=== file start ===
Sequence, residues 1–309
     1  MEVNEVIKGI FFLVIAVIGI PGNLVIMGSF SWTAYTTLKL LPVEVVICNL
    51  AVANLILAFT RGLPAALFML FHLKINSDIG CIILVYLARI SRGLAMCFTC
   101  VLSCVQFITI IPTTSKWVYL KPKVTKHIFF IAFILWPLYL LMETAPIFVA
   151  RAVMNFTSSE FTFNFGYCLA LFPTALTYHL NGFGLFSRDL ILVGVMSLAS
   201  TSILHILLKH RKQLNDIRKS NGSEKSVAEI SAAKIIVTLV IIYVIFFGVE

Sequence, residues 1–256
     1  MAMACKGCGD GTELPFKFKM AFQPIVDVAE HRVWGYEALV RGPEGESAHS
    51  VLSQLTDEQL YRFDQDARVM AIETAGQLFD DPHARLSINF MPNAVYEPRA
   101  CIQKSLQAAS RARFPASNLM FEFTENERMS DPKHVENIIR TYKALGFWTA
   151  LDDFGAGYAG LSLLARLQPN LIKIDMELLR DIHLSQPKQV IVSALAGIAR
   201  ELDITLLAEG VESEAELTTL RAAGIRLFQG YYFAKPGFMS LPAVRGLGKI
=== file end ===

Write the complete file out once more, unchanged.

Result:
Sequence, residues 1–309
     1  MEVNEVIKGI FFLVIAVIGI PGNLVIMGSF SWTAYTTLKL LPVEVVICNL
    51  AVANLILAFT RGLPAALFML FHLKINSDIG CIILVYLARI SRGLAMCFTC
   101  VLSCVQFITI IPTTSKWVYL KPKVTKHIFF IAFILWPLYL LMETAPIFVA
   151  RAVMNFTSSE FTFNFGYCLA LFPTALTYHL NGFGLFSRDL ILVGVMSLAS
   201  TSILHILLKH RKQLNDIRKS NGSEKSVAEI SAAKIIVTLV IIYVIFFGVE

Sequence, residues 1–256
     1  MAMACKGCGD GTELPFKFKM AFQPIVDVAE HRVWGYEALV RGPEGESAHS
    51  VLSQLTDEQL YRFDQDARVM AIETAGQLFD DPHARLSINF MPNAVYEPRA
   101  CIQKSLQAAS RARFPASNLM FEFTENERMS DPKHVENIIR TYKALGFWTA
   151  LDDFGAGYAG LSLLARLQPN LIKIDMELLR DIHLSQPKQV IVSALAGIAR
   201  ELDITLLAEG VESEAELTTL RAAGIRLFQG YYFAKPGFMS LPAVRGLGKI